P*ss Says Elijah

As celebrations of the four-hundredth year of the King James Version continue this month, it is time to reflect on how its language has influenced modern-day English. I recently finished my course on the Prophets, and as I was reading the wonderful stories of Elijah, I remembered the shock I first experienced when reading 1 Kings 21.21 as a child. In the words of Elijah: “Behold, I will bring evil upon thee, and will take away thy posterity, and will cut off from Ahab him that pisseth against the wall, and him that is shut up and left in Israel.” I had been raised with the certain knowledge that the “p-word” was cussing, if not downright swearing. What was it doing in the mouth of a righteous prophet? Then I realized even Saint Peter, according to Mark 14.71, “began to curse and to swear, saying, I know not this man of whom ye speak” just before the cock crowed.

The Bible defies expectations. Today it has become a highly politicized document. The “Family Values” camp loves to cite select passages of the Bible but tends to ignore those juicy bits that contradict their 1950’s outlook. The Bible is a book of surprises. It suffers at the hands of its own apotheosis. I know biblical scholars who argue that the Bible should no longer be singled out as a special book, but we do owe it a debt of gratitude. If modern-day people want to revere the Bible, they should do so with an awareness of its context.

Recently a friend posted a comment on Revelation online, wondering why people found it so scary. In the many replies, several worried commenters noted how signs for the apocalypse are beyond ripe and the fruit is ready to fall from the tree. When I interjected that Revelation was a response to first-century Christian persecution couched in the language of apocalyptic literature, I was quickly corrected by others who noted that since Revelation is coming true right now, it must, ipso facto, be a future prediction. We revere the Bible without hearing it. Until we learn to actually read and appreciate the Bible in its context, I’ll have to take my side with the prophets of old. After all, p*ss says Elijah.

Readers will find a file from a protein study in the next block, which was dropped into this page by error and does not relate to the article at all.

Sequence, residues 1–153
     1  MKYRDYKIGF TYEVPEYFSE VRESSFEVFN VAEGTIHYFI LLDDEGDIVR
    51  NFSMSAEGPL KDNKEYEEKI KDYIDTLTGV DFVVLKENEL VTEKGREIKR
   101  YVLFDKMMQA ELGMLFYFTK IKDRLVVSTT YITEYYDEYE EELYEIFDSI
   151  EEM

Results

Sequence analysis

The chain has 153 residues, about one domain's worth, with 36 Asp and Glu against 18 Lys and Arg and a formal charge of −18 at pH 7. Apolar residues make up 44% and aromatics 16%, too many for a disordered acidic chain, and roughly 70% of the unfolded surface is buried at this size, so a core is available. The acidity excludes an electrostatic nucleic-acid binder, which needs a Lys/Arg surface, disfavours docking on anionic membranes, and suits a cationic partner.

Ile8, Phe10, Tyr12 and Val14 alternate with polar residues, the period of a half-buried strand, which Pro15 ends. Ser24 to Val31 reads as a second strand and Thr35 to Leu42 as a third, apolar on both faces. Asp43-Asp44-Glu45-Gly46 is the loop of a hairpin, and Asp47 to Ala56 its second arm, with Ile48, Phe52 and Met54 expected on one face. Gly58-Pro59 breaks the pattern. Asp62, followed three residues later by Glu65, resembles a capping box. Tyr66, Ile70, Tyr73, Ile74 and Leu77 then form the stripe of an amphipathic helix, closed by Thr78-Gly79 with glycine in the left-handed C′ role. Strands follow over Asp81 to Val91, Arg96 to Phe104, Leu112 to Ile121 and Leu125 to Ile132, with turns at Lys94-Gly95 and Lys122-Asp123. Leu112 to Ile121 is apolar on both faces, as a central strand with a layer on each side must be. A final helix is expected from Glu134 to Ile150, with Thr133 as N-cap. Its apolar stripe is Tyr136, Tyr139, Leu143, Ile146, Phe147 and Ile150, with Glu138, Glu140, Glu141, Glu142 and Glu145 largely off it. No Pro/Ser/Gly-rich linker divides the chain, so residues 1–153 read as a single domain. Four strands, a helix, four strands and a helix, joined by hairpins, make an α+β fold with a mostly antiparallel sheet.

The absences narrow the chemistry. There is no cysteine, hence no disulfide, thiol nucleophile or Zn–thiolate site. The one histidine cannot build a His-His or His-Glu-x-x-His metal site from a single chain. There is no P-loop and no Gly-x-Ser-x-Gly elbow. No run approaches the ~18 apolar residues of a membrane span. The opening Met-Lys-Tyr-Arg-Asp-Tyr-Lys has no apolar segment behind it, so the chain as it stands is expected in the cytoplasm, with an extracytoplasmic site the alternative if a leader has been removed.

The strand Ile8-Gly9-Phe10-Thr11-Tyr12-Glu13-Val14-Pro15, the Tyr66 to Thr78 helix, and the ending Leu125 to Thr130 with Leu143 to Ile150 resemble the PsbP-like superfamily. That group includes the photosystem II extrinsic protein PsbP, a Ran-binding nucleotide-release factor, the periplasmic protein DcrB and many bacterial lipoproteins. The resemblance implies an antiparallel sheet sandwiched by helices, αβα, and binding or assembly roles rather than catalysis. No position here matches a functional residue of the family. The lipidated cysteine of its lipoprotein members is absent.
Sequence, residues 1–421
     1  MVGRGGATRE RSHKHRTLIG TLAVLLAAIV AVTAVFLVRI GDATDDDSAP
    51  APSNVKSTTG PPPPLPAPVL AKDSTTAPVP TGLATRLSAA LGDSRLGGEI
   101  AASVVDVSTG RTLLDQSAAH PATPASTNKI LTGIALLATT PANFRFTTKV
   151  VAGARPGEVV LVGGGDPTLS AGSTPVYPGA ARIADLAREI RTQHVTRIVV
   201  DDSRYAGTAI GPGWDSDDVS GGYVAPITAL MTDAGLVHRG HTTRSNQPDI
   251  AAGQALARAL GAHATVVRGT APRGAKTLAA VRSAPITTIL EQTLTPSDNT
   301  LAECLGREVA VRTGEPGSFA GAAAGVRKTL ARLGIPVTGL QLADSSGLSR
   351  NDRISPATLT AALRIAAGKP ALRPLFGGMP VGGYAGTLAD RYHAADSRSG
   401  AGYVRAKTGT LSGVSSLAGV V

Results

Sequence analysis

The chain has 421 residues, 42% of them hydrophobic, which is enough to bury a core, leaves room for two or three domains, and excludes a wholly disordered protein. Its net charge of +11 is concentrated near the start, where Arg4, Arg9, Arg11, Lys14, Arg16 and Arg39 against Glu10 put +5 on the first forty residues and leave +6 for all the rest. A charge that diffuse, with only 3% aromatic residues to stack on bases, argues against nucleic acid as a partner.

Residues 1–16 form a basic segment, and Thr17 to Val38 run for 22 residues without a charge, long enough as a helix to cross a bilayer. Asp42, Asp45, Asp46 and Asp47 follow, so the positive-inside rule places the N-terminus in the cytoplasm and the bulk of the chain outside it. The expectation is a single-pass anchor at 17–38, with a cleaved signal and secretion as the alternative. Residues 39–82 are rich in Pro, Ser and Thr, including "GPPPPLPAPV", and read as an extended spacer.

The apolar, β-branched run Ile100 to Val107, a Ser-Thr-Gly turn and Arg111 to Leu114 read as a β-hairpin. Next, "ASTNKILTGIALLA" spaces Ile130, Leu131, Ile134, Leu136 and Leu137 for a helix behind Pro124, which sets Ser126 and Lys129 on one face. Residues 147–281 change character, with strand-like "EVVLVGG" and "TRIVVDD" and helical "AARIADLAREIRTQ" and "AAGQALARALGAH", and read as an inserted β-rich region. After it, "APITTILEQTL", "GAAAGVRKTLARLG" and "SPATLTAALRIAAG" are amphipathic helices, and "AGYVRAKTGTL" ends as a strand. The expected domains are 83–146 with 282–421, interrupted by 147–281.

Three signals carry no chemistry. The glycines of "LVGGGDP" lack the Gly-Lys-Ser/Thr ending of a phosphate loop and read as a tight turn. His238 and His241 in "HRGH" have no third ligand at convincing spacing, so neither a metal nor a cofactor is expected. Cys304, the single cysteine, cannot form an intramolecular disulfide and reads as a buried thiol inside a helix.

Be careful little mouth what you say...

4 thoughts on “P*ss Says Elijah

  1. Another of my favourites is in 2 Kings 18.27, when the Assyrians show up to trash talk and demoralise Hezekiah in Jerusalem:

    But Rab–shakeh said unto them, Hath my master sent me to thy master, and to thee, to speak these words? hath he not sent me to the men which sit on the wall, that they may eat their own dung, and drink their own piss with you?

    The Bible is full of colourful, salty idioms that often get lost on us because we’re not expecting them. Earlier this year, I had to organise a scavenger hunt of choice verses from the KJV for the parish bulletin. I’ve always been a bit disappointed with myself that I didn’t include some of these juicier bits.


    • rey

      It would have been funny if instead of eternal torment in fire the concept of hell had ended up being a place where you eat your own dung and drink your own piss for all eternity.


  2. Wow, you go some fundie friends on-line? I am impressed — I have not pulled that off yet! Smile
    It is very good to know our voice is heard by them.

    You said,

    I know biblical scholars who argue that the Bible should no longer be singled out as a special book, but we do owe it a debt of gratitude.

    I think a better translation of these scholars would be:

    The Bible books should not be singled out as singularly special books.

    Likewise, if we “owe it a debt of gratitude” [not something I think of compiled anthologies], then we also owe it a huge debt of distain and contempt for all the evils it has wrought. Sure I get the good that any book can be used for, but the scholars (just like you) are showing its misuse and abuses for centuries while religious professionals try to protect its “special” category.


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